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As it turns out, queer villains become far more interesting among other gay characters, both within a specific project or universe and the zeitgeist at large. They become one star in a larger constellation; they are put in context. And that’s pretty exciting, even liberating; by expanding representation, we give space to queers to be—as characters, as real people—human beings. They don’t have to be metaphors for wickedness and depravity or icons of conformity and docility(1). They can be what they are. We deserve to have our wrongdoing represented as much as our heroism, because when we refuse wrongdoing as a possibility for a group of people, we refuse their humanity. That is to say, queers—real-life ones—do not deserve representation, protection, and rights because they are morally pure or upright as a people (2). They deserve those things because they are human beings, and that is enough.

Toward theend of Stranger by the Lake,the police inspector confronts Franck as he leaves the beach for the day.Franck is, literally, trapped in the beam of the officer’s headlights, and asthe conversation progresses the metaphor is sharpened even more. “Don’t youfind it odd we’ve only just found the body, and two days later everyone’s backcruising like nothing happened?” the officer asks him.

Later in this scene, Franck will be visibly overcome with grief as the officer asks him to have compassion for the dead man, begs him to have a sense of self-preservation (3). But even in his grief, he is clear-eyed. “We can’t stop living,” he says.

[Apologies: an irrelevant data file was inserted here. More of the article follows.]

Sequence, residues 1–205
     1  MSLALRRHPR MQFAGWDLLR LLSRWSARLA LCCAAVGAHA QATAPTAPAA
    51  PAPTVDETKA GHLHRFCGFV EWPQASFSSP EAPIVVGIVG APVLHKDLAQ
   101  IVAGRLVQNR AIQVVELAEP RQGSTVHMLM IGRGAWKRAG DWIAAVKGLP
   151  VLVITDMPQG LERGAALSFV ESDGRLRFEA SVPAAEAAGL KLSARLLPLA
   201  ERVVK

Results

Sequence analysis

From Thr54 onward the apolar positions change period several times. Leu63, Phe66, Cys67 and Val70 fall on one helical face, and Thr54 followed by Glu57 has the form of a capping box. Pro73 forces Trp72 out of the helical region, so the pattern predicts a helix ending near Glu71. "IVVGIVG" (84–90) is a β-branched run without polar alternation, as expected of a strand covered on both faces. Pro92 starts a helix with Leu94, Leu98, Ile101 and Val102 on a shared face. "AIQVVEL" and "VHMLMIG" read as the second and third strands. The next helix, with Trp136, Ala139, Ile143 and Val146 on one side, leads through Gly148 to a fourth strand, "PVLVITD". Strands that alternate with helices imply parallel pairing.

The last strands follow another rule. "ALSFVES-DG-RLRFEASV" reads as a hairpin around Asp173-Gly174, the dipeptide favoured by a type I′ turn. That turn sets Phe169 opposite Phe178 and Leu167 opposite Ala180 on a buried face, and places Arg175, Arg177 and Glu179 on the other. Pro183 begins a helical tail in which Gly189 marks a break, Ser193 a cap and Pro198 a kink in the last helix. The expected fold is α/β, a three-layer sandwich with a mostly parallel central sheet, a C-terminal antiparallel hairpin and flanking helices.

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We can’t stop living. Which means we have to live, which means we are alive, which means we are humans and we are human: some of us are unkind and some of us are confused and some of us sleep with the wrong people and some of us make bad decisions and some of us are murderers. And it sounds terrible but it is, in fact, freeing: the idea that queer does not equal good or pure or right. It is simply a state of being—one subject to politics, to its own social forces, to larger narratives, to moral complexities of every kind. So bring on the queer villains, the queer heroes, the queer sidekicks and secondary characters and protagonists and extras. They can be a complete cast unto themselves. Let them have agency, and then let them go.
(1) A cliché born of a necessary evil: the fight for rights. As with race and gender and able-bodiedness, the trope of the saintly and all-sacrificing minority is one that follows on the heels of unadulterated hatred, and is just as dangerous (though for different reasons).
(2) This type of characterization was useful during the fight for marriage equality in the United States, but its shortcomings are many. It is, for example, not an accident that people have had trouble wrapping their heads around Jennifer and Sarah Hart, a white lesbian couple who starved their six black adopted children before deliberately driving themselves and their kids off a cliff in California in 2018. It is also not an accident that people struggle to conceive of queer women as capable of sexual assault or domestic abuse. (There’s plenty of sexism tied up in this, too, a Lizzie Borden type of conundrum. Who is capable of committing unspeakable violence?)
(3) There is a second, minor detail in this scene that sent me spiraling: the inspector asks Franck, “What if there’s a homophobic serial killer on the loose?” The inspector does not necessarily know that the murderer is gay himself; he is guessing that the victim of a maligned demographic might have been targeted for belonging to that group. But I wondered: if a gay murderer targets only gay men, is that gay murderer himself homophobic? This question is something of a snake eating its own tail, and I cannot dig myself out.